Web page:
Mayor’s Column

Mayor LiechtyOctober 2014

In September, the Heath City Council unanimously adopted a budget for the current Fiscal Year. The City’s budget is one of the most concrete expressions of public policy, as it sets forth the priorities for the upcoming fiscal year, which runs October 1, 2014, through September 30, 2015. The adopted budget will serve as a road map for where our funds are to be allocated, and as a check and balance system to make sure we are spending City funds properly. The overall budget is divided into 2 basic categories, the general fund and the utility fund.

This year’s budget calls for the City’s first ad valorem property tax increase in 22 years. The last time ad valorem taxes were raised in Heath was 1991, when Heath had just over 2,000 residents and 800 homes. Today, we have more than 7,400 residents and just over 2,750 homes. While no one wants taxes to increase, after extensive budget discussions and analysis by City Staff, the City Council determined that this tax increase was necessary in order to provide the quality of services our citizens desire while also investing for our common future.

This year’s budget calls for total general fund spending of approximately $5,328,000. One of the City’s most fundamental obligations is to provide police and fire protection, and this is reflected in our budget, with approximately 50% of our general fund being allocated to the Department of Public Safety. Other significant expenditures from the general fund include maintenance of the City’s streets, parks and trails and administrative operations.

This year’s budget calls for utility fund spending of approximately $5,688,850, up from $5,495,007 in the prior fiscal year. Utility fund expenditures are primarily for water, sewer and trash collection, and the budget increases this year are largely due to increased costs for water from the City’s water supplier that are passed along to residents. The rate increase in the 2014-2015 budget is 19 cents per 1,000 gallons of water used.

This year’s budget also includes increases in debt service due to city bond issuances in 2013 and 2014, the proceeds of which were used largely for our current capital improvements program. As a result of these bond issuances, we have had funds available to make necessary roadway, water, sewer and other infrastructure improvements throughout the City.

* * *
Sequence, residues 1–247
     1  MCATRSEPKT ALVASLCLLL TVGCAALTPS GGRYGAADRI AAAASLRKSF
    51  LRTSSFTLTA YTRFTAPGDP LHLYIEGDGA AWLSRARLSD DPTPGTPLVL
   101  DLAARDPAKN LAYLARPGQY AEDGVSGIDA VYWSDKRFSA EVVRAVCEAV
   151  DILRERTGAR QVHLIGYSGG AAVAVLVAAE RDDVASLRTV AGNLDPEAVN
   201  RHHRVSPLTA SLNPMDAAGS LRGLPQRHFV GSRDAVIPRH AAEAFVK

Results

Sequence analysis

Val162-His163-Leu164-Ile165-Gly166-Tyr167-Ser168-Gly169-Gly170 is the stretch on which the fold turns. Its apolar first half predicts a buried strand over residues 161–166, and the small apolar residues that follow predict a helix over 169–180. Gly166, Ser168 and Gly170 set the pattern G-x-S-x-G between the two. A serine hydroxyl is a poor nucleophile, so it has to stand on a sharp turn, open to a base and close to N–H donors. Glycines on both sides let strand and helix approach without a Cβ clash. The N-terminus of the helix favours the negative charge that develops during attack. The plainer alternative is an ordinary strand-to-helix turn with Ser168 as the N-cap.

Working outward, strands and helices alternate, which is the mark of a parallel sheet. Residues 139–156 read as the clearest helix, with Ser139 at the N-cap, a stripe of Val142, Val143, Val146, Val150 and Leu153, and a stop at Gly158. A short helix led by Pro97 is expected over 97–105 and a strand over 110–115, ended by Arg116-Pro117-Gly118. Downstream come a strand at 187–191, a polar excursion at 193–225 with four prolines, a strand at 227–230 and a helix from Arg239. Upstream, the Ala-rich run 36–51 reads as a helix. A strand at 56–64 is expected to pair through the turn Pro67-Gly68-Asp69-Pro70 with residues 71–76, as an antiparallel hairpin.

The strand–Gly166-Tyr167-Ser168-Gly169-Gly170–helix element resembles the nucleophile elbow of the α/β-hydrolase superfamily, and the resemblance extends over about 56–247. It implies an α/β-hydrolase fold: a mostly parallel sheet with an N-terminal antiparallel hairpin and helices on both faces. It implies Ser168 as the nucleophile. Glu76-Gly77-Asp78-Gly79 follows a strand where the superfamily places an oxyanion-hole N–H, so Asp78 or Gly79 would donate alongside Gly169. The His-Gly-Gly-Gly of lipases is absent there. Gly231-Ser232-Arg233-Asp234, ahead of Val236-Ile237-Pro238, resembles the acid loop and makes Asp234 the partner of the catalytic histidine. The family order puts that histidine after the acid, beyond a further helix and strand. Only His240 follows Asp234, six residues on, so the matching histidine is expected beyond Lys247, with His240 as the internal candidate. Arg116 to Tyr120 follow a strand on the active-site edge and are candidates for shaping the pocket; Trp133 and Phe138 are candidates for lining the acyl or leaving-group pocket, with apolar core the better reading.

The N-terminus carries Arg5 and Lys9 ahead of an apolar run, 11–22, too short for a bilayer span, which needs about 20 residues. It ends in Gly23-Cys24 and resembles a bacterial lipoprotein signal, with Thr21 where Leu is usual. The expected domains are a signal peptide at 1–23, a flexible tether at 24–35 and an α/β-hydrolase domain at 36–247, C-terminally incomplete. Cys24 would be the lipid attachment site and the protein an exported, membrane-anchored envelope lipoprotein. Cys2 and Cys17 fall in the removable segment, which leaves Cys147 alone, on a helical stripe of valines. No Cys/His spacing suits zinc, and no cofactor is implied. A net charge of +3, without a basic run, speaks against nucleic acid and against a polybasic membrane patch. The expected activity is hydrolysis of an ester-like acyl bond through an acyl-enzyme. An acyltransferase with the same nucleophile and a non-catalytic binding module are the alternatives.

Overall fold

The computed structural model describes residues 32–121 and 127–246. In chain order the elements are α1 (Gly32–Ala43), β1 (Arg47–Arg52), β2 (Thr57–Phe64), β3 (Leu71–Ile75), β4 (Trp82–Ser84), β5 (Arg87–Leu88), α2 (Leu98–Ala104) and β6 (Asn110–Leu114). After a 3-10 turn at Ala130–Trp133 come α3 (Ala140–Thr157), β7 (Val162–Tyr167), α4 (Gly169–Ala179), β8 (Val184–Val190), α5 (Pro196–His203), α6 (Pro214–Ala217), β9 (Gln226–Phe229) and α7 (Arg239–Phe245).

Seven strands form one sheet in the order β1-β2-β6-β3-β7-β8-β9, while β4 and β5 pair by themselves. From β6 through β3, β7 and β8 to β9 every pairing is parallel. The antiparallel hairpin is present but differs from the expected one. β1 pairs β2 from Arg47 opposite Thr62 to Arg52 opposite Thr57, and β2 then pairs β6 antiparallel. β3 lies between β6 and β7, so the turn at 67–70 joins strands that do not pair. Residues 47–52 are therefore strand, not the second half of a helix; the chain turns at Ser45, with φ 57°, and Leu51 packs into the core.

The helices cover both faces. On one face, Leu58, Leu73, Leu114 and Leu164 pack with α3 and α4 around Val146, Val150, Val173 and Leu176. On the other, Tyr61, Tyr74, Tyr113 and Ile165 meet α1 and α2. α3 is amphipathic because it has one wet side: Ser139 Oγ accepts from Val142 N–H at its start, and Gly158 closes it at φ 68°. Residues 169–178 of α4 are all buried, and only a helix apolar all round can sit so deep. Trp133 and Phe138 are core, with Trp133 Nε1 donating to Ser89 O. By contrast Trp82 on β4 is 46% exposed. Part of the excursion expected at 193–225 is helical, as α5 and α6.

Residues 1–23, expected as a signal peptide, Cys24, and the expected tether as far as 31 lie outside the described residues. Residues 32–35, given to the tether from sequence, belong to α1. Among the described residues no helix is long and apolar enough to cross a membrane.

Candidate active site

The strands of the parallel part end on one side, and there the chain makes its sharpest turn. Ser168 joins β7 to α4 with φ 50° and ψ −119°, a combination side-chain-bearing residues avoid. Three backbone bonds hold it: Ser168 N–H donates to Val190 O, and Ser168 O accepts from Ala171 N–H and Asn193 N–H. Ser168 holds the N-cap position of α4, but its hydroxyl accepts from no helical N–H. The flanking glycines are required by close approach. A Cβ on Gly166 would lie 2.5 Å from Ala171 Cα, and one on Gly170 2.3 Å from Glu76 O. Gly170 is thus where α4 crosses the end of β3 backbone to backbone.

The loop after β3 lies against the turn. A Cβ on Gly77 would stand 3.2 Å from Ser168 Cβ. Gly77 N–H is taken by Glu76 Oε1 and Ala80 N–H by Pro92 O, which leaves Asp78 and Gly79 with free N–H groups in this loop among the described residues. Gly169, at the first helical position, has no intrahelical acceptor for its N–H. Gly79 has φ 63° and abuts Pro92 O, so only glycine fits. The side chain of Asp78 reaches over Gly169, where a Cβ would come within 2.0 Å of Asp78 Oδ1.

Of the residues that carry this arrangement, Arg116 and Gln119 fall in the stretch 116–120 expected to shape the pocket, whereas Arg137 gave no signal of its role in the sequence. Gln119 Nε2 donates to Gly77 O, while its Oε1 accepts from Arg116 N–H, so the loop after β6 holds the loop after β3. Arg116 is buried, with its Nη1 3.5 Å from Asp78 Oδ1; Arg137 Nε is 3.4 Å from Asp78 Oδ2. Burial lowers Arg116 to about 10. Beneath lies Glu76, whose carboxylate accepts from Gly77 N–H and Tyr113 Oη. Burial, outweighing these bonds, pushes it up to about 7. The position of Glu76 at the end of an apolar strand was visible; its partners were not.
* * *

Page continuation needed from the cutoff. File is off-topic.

As a result, on the same night that the City Council approved the budget, it unanimously adopted an ad valorem property tax rate increase of 8.33-cents per $100 of assessed value from $0.3433 to $0.4266. The increase is distributed as follows:.

* 1 cent is to fund maintenance and operations (M&O), which includes Public Safety, Public Works and Administration. Numerous additions to the budget were responsive to the City’s growth and include two new part-time Public Safety Officers, a Permit Clerk and a Construction Inspector.  The budget also includes an increase in funding for street repairs and maintenance.  It is noteworthy that our M&O expenses were reduced by 1.5 cents in fiscal year 2012, and, therefore, our tax rate for M&O expenses will actually be less in this budget year than it was prior to fiscal year 2012.

*7.33 cents will fund debt service (I&S).  The proceeds from City debt will be used to fund more than $20 million in capital improvement projects that benefit the entire City including street, trail and park improvements. You can view the CIP projects on an online map at under the Government menu.

According to the Rockwall County Appraisal District, the average taxable value of a home in Heath is $406,450. That means that the new tax rate will increase taxes $338.57 annually for the “average” home in Heath.  Of that increase, $40.65 will go to M&O, and $297.92 will fund the debt service.

Finally, it is noteworthy that even with this tax increase, Heath’s ad valorem taxes are lower than those of three neighboring cities in Rockwall County. I can assure you that your City Council seeks to be good stewards of your tax dollars, and that we will always work to keep your taxes as low as possible, while also providing the services and infrastructure necessary to make Heath a premier city.

It’s hard to believe, but efforts to prepare the 2015-2016 budget will begin soon, and I encourage you to be a part of the process by attending City Council meetings and public hearings as they are announced.

In the meantime, feel free to contact me or any member of the City Council with questions or input. You can find a copy of the final budget for 2014-2015 and updated fee schedule at

Lorne O. Liechty, Mayor